Tornado Season and Emergency Preparedness

Tornado.

It seems that word can cause even the strongest of us to shiver. Tornados are a very common natural disaster. Too common it seems. In recent years, we have seen the devastation of what tornado’s can produce: the massive EF5 in Joplin  suffered greatly in 2011; Henryville, IN in 2012 was hit hard when a series of tornadoes tracked through the midwest;  and finally, in 2013, Moore, OK was devastated when a EF5, similar to the one that hit Joplin, leveled a large portion of the city.

Tornado season is from late April until early July, and while we hope for a quiet spring and summer season, we also want to be prepared in the event a tornado occurs. Here is a comprehensive readiness list in the event of a tornado:

Before:

  • Pack your Emergency Preparedness Kit
  • Battery powered radio
  • Battery powered flashlights
  • extra batteries
  • 5 bottles of water per person per day, ideally 3 days worth of water
  • First aid kit with prescription medicine
  • Phone chargers
  • Make this kit easily accessible (hall closet or garage)
  • Establish a Family Communication Plan, in the event you get separated from each other
  • Know the warning signs of a tornado
  • Know where the local shelters are in your area
  • Take shelter immediately when advised to

During:

  • Keep away from all doors and windows, and do not open windows
  • Go to the lowest, most interior room in your home or location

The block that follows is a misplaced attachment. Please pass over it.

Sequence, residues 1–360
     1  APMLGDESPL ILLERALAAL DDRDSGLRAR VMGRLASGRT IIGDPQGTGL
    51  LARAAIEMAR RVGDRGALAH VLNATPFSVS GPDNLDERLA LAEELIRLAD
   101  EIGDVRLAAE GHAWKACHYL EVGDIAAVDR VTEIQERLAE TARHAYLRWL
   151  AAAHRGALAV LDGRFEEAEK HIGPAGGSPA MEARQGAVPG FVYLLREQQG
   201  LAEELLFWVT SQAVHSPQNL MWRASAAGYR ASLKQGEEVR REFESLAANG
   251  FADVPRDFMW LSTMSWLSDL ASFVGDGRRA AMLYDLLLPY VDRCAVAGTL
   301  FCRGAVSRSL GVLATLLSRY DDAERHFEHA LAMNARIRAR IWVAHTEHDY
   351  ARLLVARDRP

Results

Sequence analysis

• If in a car, never try to outrun a tornado. Instead leave your car, lay down in a ditch, get as low to the ground as possible, or, if able, drive to the nearest shelter
  • Sit against a wall or under a table, tuck your head in between your knees and use your hands to cover your head. If possible, use a blanket to cover yourself and small children.

After:

  • Check for injuries
  • Be careful entering or leaving any structure that has been hit
  • Stay away from down power lines
  • Follow all instructions from emergency and rescue personnel
  • Respond to requests for volunteers if you are able.

When traveling, familiarize yourself with your destinations safety protocols.

A bit of planning before hand will help you to weather the storm.

For more information on an Emergency Preparedness Kit, Family Communication Plan, more facts about tornadoes or any other natural disaster, visit www.ready.gov.

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